Jess Cobbin, SMRT, reports on talk about what we know (and don’t know) about volcanoes

Volcanoes: Knowns and unknowns

Jess Cobbin, St. Mary Redcliffe and Temple School, reports on Dr. Pete Rowley’s lecture on volcanic risk on Dec 5th, 2023

It may have been a dark and cold evening on Tuesday 5th December, but turnout for Dr Pete Rowley’s lecture on uncertainty in assessing volcanic hazards was excellent. While night fell outside, the audience inside the Peel Lecture Theatre at the School of Geographical Sciences, University of Bristol, were being treated to some fascinating and truly eye-opening facts about volcanoes and their unpredictable nature (see slides in Resources).

Harry West (R) introduces the speaker Peter Rowley (L) for the last of our Autumn 2023 Bristol GA Lecture Series

When it comes to volcanoes, Dr Rowley began by explaining that our knowledge can be divided into following categories, channelling Donald Rumsfeld’s infamous speech from 2002: “the known knowns, the known unknowns, and the unknown unknowns”. He discussed the role these play in assessing our capacity to forecast eruptions and how they may impact a population’s ability to respond in the event of one. It was startling to hear about the high level of uncertainty and the lack of consistency, which is made worse by the scarcity of volcanologists worldwide and the absence of uniform monitoring; there are approximately 100 volcano monitoring centres globally, each with a different capacity, in comparison to 1,500 active volcanoes. Therefore, the ability to forecast volcanic eruptions varies greatly, both between countries and individual volcanoes themselves. In Guatemala, for example, Volcan de Agua (see below) has a population of 250,000 living within 15 km, but no monitoring at all, and in the United States, only 17% of volcanoes classified as posing a very high threat fall into the category of being ‘very well monitored’.

Agua Volcano (Volcán de Agua) as seen from Antigua, Guatemala (photo by Chad Davies: CC BY 2.0 DEED)

Even in countries that would be considered best equipped to forecast and manage volcanic hazards, there is still uncertainty. Despite the ‘known knowns’, such as how to measure gas emissions and ground deformation, what is really happening at depth and the cause of some seismic signals still remains largely a mystery to volcanologists. We explored the fact that volcanic eruptions do not really show a pattern at all and that growth curves are not predictive of failure points so, even when monitoring does occur, forecasting remains difficult. Even with the use of tiltmeters and GPS mapping, there are still inaccuracies: in fact, between 2001 and 2011, only 47% of volcanoes showing signs of unrest eventually erupted. Dr Rowley made the particularly thought-provoking comment that data collected before volcanic eruptions is only useful retrospectively.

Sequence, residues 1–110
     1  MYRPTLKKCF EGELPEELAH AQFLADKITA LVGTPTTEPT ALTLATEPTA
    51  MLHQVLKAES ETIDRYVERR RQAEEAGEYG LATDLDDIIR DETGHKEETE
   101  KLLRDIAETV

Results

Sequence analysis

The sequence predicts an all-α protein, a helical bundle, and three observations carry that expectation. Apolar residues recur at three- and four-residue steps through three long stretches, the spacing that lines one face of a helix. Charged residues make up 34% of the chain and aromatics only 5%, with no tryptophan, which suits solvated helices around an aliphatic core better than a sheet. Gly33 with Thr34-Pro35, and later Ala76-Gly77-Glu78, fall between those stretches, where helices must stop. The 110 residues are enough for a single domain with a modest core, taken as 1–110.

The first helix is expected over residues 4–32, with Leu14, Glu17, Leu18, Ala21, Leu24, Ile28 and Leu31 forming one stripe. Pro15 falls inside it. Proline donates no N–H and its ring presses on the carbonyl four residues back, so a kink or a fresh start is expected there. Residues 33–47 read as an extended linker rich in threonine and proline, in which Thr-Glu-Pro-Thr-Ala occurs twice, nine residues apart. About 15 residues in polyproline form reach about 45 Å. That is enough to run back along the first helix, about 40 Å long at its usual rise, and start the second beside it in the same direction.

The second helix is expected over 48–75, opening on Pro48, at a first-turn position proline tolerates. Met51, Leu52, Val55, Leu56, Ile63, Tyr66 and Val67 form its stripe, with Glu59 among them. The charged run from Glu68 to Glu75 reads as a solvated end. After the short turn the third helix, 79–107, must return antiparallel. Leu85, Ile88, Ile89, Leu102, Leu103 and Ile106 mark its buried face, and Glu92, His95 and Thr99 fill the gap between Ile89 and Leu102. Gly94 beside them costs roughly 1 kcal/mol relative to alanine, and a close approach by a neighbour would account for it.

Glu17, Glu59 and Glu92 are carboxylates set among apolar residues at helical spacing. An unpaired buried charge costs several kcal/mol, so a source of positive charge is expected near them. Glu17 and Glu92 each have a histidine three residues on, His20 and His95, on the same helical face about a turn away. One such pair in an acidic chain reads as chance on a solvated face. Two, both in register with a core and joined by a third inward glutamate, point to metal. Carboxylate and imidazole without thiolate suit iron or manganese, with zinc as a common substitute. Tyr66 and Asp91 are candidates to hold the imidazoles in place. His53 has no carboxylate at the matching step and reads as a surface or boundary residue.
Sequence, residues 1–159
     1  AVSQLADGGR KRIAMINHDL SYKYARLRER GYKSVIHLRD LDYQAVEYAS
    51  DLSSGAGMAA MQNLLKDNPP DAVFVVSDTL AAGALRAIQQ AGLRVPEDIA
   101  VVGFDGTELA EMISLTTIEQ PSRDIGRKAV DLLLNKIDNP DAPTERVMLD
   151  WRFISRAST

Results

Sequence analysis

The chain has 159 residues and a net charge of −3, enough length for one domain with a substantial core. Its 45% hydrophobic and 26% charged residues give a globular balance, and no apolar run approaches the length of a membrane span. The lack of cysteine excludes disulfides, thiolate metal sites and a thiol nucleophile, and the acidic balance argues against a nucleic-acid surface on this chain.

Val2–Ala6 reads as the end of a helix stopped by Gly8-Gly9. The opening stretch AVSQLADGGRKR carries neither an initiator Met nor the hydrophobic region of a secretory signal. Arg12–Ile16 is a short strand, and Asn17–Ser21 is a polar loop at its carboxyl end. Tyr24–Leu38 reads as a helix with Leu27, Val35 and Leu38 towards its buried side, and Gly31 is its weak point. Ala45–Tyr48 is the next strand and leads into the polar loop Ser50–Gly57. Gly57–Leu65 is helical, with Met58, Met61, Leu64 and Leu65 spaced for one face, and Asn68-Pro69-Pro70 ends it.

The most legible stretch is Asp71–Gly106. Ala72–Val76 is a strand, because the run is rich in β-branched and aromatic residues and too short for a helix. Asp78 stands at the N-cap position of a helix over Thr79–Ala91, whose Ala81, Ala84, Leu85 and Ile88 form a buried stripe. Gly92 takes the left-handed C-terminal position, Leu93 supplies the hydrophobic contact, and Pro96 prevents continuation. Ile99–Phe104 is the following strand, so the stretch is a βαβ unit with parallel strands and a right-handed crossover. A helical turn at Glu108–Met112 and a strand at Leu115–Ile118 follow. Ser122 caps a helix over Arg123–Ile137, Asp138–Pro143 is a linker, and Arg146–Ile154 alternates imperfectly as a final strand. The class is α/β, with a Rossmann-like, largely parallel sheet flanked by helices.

Dr. Pete Rowley: Lecturer, Earth Sciences, University of Bristol

Towards the end of the lecture, we focussed on the unknown unknowns, which Dr Rowley explained are much greater for individual volcanoes. For example, volcanologists may be unaware of the eruptive history of a volcano and therefore lack knowledge about how it is likely to behave in the future. This is also affected by an insufficient understanding of the plumbing system (the network of reservoirs and channels through which magma moves) and a paucity of monitoring, leading to low levels of awareness about how volcanoes are behaving in the current moment. Many intriguing concepts arise from the unknown unknowns, such as whether the mechanisms at all volcanoes are the same and how confident we can be that records are statistically useful.

New information about volcanoes is being discovered constantly, and it seems that the more we learn, the more we realise just how much we don’t already know. For example, in April 2023, over 19,000 undersea volcanoes were discovered in the South Pacific. This reveals the clear need for a higher quantity, and quality, of research to ensure that collective understanding is the best it can be.

Finally, I am sure that I speak for many when I say that I found this lecture fascinating, and it has certainly opened my eyes to the difficulties of monitoring volcanoes and the sheer amount of information we currently lack. I am very grateful to Dr Pete Rowley and the Bristol Branch of the Geographical Association for giving local sixth-form geography students and their teachers the opportunity to expand our knowledge by attending this lecture.

Posted in Lectures